What is a business industry description?
A business industry classification is a way of classifying a business by the main activity it is involved in. Each classification consists of a description (the 'business industry description') and an associated code (the 'BIC code'). ACC uses business industry descriptions and their related BIC codes to determine which of ACC's classification units will apply for levy invoicing.
What is a CU (classification unit) description?
An ACC CU represents a group of businesses from the same sector with a similar risk of workplace injury. Each ACC CU has an ACC levy rate, which is used to calculate ACC levies for workplace injury cover and residual claims. Each ACC CU consists of a description and an associated CU code.
What is ANZSIC (Australian and New Zealand Standard Industrial Classification)?
ANZSIC has been jointly developed by the Australian Bureau of Statistics (ABS) and Statistics New Zealand. This is the system of classification that ACC, Inland Revenue, and Statistics New Zealand have adopted to provide a common way of describing the specific service a business or person provides. Each ANZSIC description has its own unique ANZSIC code. The ANZSIC 1996 version has been updated and from 2008/2009 the ANZSIC 2006 codes are shown. For more information, see the industrial classifications page of the Statistics New Zealand website.
When do I need to know my business industry description or related BIC code?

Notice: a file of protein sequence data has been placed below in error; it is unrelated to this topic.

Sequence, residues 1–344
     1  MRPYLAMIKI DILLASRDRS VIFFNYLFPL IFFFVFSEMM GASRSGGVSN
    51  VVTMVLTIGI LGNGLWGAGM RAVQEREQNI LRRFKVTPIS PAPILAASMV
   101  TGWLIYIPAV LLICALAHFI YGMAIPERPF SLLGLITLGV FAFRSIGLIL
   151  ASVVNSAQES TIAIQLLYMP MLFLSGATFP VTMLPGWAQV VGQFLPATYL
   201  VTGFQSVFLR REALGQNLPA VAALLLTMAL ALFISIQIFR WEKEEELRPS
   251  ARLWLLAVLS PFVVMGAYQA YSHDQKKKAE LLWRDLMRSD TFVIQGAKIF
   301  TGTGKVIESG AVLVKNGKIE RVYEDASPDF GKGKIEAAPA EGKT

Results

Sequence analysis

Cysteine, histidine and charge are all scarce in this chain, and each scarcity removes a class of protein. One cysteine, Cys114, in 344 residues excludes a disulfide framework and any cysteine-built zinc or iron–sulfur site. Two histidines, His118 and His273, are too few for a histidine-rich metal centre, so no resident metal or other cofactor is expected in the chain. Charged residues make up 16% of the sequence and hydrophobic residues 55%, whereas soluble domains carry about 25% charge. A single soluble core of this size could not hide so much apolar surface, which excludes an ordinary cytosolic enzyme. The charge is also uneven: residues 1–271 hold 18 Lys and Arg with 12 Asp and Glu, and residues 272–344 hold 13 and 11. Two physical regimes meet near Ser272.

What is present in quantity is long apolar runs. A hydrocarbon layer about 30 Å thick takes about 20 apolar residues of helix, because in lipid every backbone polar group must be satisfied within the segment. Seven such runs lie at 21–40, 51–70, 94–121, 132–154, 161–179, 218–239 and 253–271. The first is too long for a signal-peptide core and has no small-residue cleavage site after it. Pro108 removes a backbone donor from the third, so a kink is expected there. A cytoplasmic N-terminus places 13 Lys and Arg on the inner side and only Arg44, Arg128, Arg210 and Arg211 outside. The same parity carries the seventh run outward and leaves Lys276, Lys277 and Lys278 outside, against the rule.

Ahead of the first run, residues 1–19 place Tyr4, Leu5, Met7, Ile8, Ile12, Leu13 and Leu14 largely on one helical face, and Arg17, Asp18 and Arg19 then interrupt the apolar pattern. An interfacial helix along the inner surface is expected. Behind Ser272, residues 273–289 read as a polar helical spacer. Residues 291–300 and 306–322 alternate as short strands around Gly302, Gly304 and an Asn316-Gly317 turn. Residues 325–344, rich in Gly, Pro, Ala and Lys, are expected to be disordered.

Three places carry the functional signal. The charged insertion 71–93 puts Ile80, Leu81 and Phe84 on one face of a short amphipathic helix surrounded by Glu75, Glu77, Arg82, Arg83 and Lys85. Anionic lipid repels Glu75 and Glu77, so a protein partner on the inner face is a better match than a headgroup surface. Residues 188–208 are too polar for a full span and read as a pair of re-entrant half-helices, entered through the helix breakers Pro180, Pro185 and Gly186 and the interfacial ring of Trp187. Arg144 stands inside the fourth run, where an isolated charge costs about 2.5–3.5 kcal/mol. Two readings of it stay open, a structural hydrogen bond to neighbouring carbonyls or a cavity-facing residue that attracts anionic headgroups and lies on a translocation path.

There are several occasions when you will need to know your business industry description and code:
- Registering for GST?
- Completing an annual income tax return?
- Are you a shareholder-employee?
- Are you involved in two or more business activities?
How do I determine my business industry description and BIC code?
The easiest way to get your business industry description and its BIC code is to use the search function on this site.
Why is it important to choose the correct business industry description and BIC code?
Choosing the correct business industry description and its related BIC code means your accounts at Inland Revenue and ACC will be set up with the right information, and any invoices you are sent are calculated correctly.
How do various agencies use the information on this site?
The business industry and CU descriptions and codes found on this site are used in different ways by several different agencies. See the table below:
|Agency||How the information is used||For more information|
|Accident Compensation Corporation (ACC)||ACC For Business|
ACC safer industries
|Statistics New Zealand||Statistics New Zealand|
What do I put in the search box?
Describe the main activity undertaken by you or your business.
'Activity' means the activity undertaken in the business, industry, profession, trade, or as an employer, self-employed person or private domestic worker.
Incidental functions relating to the activity such as administration, management, marketing and distribution, technical support, maintenance and product development are treated as part of that activity and not as separate activities.
In most cases, the activity will relate to services the business provides or goods the business produces.
For a self-employed person, the activity refers to the nature of the work done, rather than the context of the business in which the work takes place.
For a business that employs three plumbers and one office manager, you should search under 'Plumbing' as this is the service the organisation provides.
In a partnership where one partner is a plumber and the other partner does the administration, each partner would search under the activity that matches the work they do - the plumber would search under 'Plumbing', and the partner doing bookwork would search under 'Business administration'.